Atypical reactions associated with use of angiotensin-converting enzyme inhibitors and apheresis


1Associate Professor of Pathology, University of North Carolina at Chapel Hill, and Associate Medical Director, Transfusion Medical Service, Department of Hospital Labs, University of North Carolina Hospitals, 101 Manning Drive, Chapel Hill, NC 27514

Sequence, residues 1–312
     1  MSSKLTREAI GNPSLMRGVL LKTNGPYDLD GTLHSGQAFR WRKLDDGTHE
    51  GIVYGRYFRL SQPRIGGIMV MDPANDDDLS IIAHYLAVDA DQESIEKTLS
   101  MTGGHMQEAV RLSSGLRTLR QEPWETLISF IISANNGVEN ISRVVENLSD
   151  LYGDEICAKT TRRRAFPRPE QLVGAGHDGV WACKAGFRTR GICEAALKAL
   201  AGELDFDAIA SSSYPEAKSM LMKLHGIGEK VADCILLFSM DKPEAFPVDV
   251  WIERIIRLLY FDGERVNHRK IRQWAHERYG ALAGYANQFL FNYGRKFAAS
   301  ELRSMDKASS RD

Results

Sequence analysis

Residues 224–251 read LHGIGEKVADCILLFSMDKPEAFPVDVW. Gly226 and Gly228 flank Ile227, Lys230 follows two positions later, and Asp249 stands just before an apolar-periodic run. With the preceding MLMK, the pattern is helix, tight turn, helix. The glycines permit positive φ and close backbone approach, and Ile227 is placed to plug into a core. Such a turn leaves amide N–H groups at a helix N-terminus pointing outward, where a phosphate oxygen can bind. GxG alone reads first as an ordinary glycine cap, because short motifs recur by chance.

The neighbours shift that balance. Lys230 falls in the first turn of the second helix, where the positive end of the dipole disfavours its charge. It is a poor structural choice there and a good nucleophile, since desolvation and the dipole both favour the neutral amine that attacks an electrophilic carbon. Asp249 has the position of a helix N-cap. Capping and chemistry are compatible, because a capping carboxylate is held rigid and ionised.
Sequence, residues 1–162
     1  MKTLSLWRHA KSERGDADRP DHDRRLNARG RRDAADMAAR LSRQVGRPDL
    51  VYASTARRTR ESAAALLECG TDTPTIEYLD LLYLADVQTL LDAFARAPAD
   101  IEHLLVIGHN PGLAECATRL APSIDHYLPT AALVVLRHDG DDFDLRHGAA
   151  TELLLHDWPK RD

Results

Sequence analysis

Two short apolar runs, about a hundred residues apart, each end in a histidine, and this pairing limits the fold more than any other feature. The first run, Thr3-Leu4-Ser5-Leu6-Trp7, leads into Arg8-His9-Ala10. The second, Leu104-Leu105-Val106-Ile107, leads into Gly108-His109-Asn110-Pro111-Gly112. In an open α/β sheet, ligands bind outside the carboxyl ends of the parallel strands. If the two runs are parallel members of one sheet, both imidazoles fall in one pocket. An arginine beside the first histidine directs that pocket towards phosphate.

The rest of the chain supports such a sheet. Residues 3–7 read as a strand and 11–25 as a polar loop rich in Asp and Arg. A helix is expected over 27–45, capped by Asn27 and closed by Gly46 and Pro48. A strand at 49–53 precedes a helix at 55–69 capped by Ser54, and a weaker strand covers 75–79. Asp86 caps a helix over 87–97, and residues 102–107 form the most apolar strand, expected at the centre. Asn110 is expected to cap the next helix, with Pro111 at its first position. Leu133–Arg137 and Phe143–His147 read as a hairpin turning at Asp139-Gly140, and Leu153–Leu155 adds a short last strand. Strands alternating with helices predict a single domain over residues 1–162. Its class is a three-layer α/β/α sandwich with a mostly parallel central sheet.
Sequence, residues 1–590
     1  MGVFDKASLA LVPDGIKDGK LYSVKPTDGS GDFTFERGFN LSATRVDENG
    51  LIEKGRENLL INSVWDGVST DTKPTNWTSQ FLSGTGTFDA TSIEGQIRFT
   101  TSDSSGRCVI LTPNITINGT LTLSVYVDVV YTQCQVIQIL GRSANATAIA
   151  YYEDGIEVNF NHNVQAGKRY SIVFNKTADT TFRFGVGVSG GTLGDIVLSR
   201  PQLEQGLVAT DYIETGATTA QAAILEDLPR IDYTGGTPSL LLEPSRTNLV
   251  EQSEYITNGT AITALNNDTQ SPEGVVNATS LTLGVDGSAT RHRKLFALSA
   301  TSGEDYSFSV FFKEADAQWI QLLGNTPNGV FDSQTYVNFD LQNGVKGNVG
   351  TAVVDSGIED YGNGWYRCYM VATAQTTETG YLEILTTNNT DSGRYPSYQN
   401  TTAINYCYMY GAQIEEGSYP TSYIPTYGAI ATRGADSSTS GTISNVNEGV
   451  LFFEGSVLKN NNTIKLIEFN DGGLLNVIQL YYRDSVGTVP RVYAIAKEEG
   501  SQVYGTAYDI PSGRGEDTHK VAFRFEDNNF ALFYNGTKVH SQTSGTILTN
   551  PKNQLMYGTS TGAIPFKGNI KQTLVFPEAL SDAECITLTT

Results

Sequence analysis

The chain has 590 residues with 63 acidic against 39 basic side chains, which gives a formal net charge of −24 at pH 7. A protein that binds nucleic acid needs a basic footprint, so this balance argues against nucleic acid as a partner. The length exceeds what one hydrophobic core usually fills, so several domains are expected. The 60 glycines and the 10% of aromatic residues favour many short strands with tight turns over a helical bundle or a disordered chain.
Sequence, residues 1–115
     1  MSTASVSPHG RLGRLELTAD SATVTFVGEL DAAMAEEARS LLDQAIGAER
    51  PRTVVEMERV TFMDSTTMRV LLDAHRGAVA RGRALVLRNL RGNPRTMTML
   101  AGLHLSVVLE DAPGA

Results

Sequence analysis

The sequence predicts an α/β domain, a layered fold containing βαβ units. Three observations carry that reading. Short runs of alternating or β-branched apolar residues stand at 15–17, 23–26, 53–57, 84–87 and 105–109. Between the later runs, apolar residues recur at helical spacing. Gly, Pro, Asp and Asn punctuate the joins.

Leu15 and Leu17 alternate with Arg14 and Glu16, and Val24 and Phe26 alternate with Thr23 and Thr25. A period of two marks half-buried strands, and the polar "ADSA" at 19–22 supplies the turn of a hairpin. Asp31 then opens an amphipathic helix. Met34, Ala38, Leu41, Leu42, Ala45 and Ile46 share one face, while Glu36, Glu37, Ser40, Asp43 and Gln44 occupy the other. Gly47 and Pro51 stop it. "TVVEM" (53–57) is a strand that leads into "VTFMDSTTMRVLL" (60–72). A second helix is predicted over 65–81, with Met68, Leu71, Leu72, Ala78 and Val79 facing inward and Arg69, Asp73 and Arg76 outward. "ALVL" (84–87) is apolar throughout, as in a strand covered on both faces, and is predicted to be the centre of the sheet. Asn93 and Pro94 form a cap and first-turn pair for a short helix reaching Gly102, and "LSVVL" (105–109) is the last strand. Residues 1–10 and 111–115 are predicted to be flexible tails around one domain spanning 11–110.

BACKGROUND: Anaphylactic or atypical reactions, characterized by flushing, hypotension, dyspnea, and bradycardia, have been reported in patients undergoing hemodialysis, low-density lipoprotein apheresis, IgG affinity column apheresis, therapeutic plasma exchange, and desensitization immunotherapy while receiving angiotensin-converting enzyme (ACE) inhibitor therapy. STUDY DESIGN AND METHODS: Records were reviewed of 299 consecutive patients undergoing therapeutic plasma exchange with colloid replacement at the University of North Carolina Hospitals from September 1981 through December 1993. Charts were selected for further analysis if atypical reactions (flushing or hypotension defined as a mean decrease in blood pressure of 20 torr or greater) occurred during apheresis or if there was concurrent administration of an ACE inhibitor. RESULTS: Fourteen (4.7%) of 299 patients were receiving ACE inhibitor therapy at the time of apheresis; all 14 experienced an atypical reaction. In contrast, 20 (7%) of 285 patients not receiving ACE inhibitors developed atypical reactions (p < 0.001). The 14 ACE inhibitor patients accounted for 41 percent (14/34) of all patients having atypical reactions during apheresis. CONCLUSION: Patients receiving ACE inhibitor therapy who are undergoing therapeutic plasma exchange with albumin replacement solutions are at high risk (100%) for atypical reactions. It is recommended that ACE inhibitors be withheld for at least 24 hours before that procedure.